- Step 1: Find something (or nothing) to cry about
- Step 2: Find someone to cry in front of
- Step 3: Cry
- Step 4: Be OK
At age 24, I can count on one hand how many people I’ve cried in front of. I’m not talking about strangers — that number is the equivalent to how many French fries I’ve consumed in my lifetime. I mean people whom I can actually name. Being born and raised in New York City, like me, you’re bound to have more than one moment of breaking down in public. Many times I’ve made my way downtown, walking fast (Vanessa Carlton style…minus the piano) tears streaming down my face, trying to make eye contact with no one while actually making eye contact with everyone. I have the same mentality about crying in public, as I do about tripping. I might be doing something wildly embarrassing, but in about five seconds I’ll turn the corner, and will never see any of those people ever again. But crying in the presences of people I actually know, that’s another story.
That raw display of emotion makes me so incredibly uncomfortable that I automatically reject even the idea of crying in front of people I know; If I’m alone, then I’m the only one who has to deal with (and/or judge) the big soggy mess I become when I cry. “Well, you’re always crying” a co-worker says when I mention crying. Do I really cry that often? Yes Cole, you are, indeed, a secret crier.
I recently cried in front of my (now) ex-boyfriend. I spent six years being single, mostly due to lack of confidence (that and being insanely hung up on someone). So being able to say “Hey, this is my boyfriend _____,” was so foreign to me. This specific cry took place at Cameo Gallery, in Williamsburg, while watching his friend’s band play.
This is the part where I mention that I was diagnosed with bi-polar disorder at age 20, after suffering from depression since age 12. And have been on and off medications since then. So, cut-to: me, having a good time, yet an hour in I begin to develop this heavy weight on my chest. My thoughts begin to dart from one dark place to another, and I realize…I’m fucking sad. It’s as if one of those really bad, early 2000’s CGI tidal waves burst through the door of the venue, and washed right over me.
Soon my ex began to notice a change in me, and asked if I was okay. I said I was fine, trying not to draw any more attention than need be. And that’s when it happened…tears were coming on fast and furious (RIP Paul Walker).
I then told my ex that I ran out of my medication, and began profusely apologizing (in between tears) for ruining his night and being a burden. “You’re never a burden, and you didn’t ruin my night. I just didn’t know what was going on, you wouldn’t even look me in the eye.” I then concluded that I needed to reevaluate how I deal with my sadness. I don’t owe anyone anything, especially a detailed explanation of my emotions every second of every day, but in that moment I became aware that there was this person, who really cared about me, that just wanted to help.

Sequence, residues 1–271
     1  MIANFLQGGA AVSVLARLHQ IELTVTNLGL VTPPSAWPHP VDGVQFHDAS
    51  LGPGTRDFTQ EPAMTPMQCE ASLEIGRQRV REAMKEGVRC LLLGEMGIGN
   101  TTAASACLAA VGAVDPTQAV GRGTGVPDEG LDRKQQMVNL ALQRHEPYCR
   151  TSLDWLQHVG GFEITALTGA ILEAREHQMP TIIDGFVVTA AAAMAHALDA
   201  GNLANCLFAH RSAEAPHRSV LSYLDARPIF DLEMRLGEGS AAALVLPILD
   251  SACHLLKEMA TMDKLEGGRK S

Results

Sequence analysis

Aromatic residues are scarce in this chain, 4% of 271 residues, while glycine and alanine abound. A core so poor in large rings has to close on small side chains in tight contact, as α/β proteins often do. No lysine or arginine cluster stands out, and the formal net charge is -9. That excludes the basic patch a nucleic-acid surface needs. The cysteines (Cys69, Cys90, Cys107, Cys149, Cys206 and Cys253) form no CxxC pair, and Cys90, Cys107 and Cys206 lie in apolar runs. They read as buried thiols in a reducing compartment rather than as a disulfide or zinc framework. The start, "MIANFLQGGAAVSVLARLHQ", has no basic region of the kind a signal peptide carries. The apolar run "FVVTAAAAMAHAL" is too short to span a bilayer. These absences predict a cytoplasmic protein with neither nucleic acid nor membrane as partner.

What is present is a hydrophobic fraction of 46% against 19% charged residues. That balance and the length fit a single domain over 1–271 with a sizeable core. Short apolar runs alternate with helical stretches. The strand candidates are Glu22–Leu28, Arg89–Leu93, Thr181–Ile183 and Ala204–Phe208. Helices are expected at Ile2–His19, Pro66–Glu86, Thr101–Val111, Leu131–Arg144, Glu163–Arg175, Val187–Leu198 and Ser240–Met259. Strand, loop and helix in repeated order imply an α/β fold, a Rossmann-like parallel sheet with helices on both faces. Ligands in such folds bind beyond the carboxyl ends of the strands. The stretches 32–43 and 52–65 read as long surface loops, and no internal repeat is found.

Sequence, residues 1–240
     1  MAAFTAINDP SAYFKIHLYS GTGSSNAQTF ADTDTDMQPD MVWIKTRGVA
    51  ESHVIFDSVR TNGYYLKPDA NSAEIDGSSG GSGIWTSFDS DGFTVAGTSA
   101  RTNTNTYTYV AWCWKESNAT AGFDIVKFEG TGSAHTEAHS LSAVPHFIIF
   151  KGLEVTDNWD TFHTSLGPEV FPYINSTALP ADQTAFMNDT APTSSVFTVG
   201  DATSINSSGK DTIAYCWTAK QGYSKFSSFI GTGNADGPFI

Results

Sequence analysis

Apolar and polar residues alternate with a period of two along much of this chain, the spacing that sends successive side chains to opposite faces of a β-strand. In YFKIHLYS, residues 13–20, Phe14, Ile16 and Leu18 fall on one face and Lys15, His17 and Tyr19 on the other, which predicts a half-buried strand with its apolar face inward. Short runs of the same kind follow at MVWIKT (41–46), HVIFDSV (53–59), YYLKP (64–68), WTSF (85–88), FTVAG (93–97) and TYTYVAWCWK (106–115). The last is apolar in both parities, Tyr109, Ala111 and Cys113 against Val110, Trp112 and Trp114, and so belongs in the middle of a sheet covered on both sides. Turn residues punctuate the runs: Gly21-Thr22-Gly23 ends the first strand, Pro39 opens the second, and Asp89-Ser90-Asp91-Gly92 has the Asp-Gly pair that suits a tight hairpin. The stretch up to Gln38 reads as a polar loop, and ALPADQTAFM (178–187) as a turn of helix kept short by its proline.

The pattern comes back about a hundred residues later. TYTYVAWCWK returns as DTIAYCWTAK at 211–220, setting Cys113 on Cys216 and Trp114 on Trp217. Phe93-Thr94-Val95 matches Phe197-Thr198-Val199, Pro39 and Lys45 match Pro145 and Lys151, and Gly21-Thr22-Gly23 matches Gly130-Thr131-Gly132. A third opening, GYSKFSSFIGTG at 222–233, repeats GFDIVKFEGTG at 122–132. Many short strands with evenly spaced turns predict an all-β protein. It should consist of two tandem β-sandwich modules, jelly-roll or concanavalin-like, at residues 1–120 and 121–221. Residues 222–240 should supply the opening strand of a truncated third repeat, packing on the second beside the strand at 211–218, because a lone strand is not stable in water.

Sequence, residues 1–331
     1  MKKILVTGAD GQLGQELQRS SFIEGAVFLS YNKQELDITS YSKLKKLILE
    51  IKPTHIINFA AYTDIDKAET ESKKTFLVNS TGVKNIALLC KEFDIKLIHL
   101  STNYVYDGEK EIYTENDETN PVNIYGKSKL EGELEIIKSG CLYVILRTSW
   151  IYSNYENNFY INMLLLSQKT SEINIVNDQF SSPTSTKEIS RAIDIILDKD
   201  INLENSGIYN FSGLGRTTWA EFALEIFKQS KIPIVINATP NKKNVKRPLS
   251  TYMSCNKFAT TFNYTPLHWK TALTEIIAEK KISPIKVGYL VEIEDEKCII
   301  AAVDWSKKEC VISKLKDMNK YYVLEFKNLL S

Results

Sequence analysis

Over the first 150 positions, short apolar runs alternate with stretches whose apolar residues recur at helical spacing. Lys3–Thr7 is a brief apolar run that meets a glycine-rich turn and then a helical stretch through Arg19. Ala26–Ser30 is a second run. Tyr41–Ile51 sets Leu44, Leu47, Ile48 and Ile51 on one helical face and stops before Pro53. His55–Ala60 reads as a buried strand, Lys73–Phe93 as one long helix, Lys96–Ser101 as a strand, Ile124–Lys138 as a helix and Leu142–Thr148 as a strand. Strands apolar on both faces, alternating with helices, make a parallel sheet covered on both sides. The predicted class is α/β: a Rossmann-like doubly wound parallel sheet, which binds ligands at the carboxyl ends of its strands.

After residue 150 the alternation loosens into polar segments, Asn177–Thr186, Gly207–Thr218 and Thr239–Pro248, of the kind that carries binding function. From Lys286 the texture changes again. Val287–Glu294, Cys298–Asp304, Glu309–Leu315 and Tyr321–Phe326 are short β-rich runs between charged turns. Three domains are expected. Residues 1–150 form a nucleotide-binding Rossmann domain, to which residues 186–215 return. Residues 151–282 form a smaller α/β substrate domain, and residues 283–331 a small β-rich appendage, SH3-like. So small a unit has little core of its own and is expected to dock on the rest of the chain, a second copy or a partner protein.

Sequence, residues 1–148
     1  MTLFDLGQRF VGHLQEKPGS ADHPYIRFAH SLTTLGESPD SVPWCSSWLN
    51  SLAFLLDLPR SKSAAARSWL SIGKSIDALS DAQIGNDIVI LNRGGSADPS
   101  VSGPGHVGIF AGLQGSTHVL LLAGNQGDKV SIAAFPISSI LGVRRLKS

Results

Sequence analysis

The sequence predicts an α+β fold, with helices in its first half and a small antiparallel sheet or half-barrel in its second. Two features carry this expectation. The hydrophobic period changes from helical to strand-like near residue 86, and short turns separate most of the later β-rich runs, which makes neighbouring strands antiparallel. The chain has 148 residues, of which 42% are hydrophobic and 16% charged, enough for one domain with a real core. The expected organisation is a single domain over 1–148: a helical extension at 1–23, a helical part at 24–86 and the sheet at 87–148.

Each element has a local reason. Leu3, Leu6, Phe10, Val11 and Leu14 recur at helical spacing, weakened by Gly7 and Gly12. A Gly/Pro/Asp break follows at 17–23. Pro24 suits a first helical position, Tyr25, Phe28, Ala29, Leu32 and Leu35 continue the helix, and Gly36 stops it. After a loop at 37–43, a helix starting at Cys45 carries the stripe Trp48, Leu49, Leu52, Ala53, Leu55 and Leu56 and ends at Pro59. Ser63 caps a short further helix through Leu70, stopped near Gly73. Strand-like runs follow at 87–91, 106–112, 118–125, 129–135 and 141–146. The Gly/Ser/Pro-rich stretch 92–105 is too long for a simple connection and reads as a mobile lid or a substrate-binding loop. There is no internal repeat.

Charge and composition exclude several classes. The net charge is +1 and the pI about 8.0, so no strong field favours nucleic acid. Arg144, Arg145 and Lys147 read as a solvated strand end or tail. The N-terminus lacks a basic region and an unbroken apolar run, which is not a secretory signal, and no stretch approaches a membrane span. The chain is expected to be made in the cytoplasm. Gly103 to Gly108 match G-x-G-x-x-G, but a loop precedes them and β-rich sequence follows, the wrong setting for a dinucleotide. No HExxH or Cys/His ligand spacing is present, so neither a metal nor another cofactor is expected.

I shut myself off to people who lend out a helping hand. Instead of just trying to push through my issues, painfully and silently, sometimes I just need to tap someone on the shoulder and say, “Hey, I’m fucking sad, can you hold me?” And that’s exactly what I ended up doing. He took me back to his place, watched cartoons with me, and held me in bed while I cried some more.
Down the line of dealing with depression, I lost my trust in people. I felt that they were never going to understand why, or how, I get sad, so there was no point in opening up and putting my emotions on display. When you’re left to deal with depression on your own for so long, it becomes this gigantic beast of a thing that’s often indescribable. In my worst moments I thought, No one will understand, so why even bother? That’s how isolating depression can be. No one knows what it’s like; so let me be alone in this.
I had this amazingly supportive human, that I trust, right in front of me, trying to be there for me the only way he knew how, and I was doing myself the biggest disservice not to take advantage of that, and open up. I’m not saying I’m completely changed, and that I’m ready to be that person who lets him or herself cry at the drop of a hat — I’m still trying to figure out how to walk through, and sort out my emotions. But I now know that it’s not always necessary to navigate being sad alone. Pushing people away who have the best intentions, just to isolate myself in a hole of depression, isn’t always healthy. That sometimes I need to hold that hand that’s right in front of me, and trust that things will be OK.